His “lightbulb moment” came just over two years ago. He says that in July 2013, “I cancelled my subscription to a streaming service because there was nothing there that I wanted to watch. I love all types of television, but I really love looking at Black faces and seeing Black families. I said to myself, ‘This is ridiculous. I’m not paying for this service anymore because it doesn’t fulfill my needs.’ I sat in my room and went from frustration, to boredom, to questioning whether I was the only one who felt like this. I wondered who in the world could my nieces be watching on television that looked like them. I grew up seeing my Black culture on television, and was disappointed with the [present-day] options on traditional television and on streaming services. I wanted my nieces to have access to the great television shows I had growing up. Well, since I work in television, the lightbulb went off.”
That certainty that representation matters and the frustration when we don’t see ourselves reflected in much of mainstream entertainment spurred Dr. Tuitt on, and today Unify is in its pre-order phase, with full launch set for February 2016. The website is already offering a wealth of programming, however, completely free right now.
Many of the contemporary classics of the 1990s and early aughts, a golden age of Black television, are there for you, including “The Bernie Mac Show,” “Moesha,” and the infinitely re-watchable “In Living Color.” Current film offerings include “Purple Rain,” “House Party,” “Beasts of the Southern Wild,” “Tap,” “Waiting to Exhale,” “Brian’s Song,” and “Bulworth,” as well as cult classics like “Uptown Saturday Night” and “The Last Dragon” and classic classics like Sidney Poitier in “Guess Who’s Coming to Dinner.”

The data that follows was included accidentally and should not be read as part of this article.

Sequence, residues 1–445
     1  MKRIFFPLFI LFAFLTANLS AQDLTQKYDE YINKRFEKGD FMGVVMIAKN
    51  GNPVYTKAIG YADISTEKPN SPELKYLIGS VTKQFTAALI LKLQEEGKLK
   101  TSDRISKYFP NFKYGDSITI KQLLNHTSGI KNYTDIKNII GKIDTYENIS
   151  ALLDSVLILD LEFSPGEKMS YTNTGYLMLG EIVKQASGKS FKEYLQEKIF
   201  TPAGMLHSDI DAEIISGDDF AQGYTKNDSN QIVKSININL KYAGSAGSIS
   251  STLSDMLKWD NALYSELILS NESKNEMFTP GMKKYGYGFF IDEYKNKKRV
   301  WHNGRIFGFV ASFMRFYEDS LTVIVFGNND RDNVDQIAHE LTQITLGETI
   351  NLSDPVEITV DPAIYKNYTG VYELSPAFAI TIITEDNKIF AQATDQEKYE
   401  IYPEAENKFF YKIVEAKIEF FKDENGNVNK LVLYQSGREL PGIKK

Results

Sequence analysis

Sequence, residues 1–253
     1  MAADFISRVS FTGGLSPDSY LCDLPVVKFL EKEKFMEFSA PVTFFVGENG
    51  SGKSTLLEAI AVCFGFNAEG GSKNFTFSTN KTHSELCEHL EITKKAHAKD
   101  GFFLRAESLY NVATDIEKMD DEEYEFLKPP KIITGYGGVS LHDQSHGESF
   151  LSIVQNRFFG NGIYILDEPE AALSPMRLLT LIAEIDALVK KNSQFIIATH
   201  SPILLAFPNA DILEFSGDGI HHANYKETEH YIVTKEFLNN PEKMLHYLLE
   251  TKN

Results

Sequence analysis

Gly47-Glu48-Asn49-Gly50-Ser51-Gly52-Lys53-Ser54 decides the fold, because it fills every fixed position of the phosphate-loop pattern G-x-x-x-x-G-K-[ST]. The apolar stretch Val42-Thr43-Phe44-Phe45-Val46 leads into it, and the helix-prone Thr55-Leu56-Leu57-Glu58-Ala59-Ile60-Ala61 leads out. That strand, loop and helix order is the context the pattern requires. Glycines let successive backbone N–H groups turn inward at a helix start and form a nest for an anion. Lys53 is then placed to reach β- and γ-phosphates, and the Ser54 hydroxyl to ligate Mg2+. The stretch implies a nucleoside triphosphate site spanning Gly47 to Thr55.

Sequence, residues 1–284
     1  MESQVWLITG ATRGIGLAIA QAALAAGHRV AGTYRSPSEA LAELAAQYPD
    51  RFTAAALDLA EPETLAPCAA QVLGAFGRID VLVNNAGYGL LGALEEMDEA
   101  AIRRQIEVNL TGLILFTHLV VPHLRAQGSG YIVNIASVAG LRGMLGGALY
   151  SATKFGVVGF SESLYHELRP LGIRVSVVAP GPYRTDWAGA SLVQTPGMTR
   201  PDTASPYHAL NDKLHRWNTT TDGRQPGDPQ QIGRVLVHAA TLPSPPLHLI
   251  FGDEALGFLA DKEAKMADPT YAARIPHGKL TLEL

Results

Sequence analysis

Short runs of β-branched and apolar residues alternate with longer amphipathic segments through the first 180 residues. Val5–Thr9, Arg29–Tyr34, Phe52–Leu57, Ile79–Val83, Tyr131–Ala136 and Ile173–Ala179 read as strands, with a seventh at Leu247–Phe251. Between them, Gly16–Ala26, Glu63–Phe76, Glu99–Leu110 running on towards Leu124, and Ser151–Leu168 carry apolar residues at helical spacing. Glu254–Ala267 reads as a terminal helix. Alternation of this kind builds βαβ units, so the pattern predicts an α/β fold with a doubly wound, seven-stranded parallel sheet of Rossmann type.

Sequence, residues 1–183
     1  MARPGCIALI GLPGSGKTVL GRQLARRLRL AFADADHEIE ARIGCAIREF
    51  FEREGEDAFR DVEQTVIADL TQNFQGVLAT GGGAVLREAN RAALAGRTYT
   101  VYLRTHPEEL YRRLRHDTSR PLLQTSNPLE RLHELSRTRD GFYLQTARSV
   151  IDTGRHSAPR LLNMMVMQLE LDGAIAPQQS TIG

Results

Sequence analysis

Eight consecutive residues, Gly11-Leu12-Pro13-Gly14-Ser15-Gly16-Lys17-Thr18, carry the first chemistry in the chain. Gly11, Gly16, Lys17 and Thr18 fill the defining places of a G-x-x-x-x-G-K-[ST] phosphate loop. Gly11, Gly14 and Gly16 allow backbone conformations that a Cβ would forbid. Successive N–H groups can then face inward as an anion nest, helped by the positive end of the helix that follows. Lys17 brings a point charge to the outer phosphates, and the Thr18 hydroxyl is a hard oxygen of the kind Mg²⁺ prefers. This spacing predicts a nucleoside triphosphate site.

There are also TV dramas like “Homicide: Life on the Streets” and the gritty musical series “Fame,” as well as variety shows like “Robert Townsend’s Partners in Crime,” and family programming like “The Proud Family.”
What really blew me away about Unify, however, was the creative team’s obvious respect for our roots as Black people in entertainment. I was happily impressed to see that I can watch episodes of some of our older and more obscure programs, like “That’s My Mama,” “Get Christie Love!,” “Room 222,” “The Mod Squad,” and “The Flip Wilson Show.”
These are available to stream for free right now during the pre-order period, and these movies and TV shows are only a fraction of what will eventually be available, yet the current offerings are still impressive. I had to inquire about the process of acquiring streaming rights.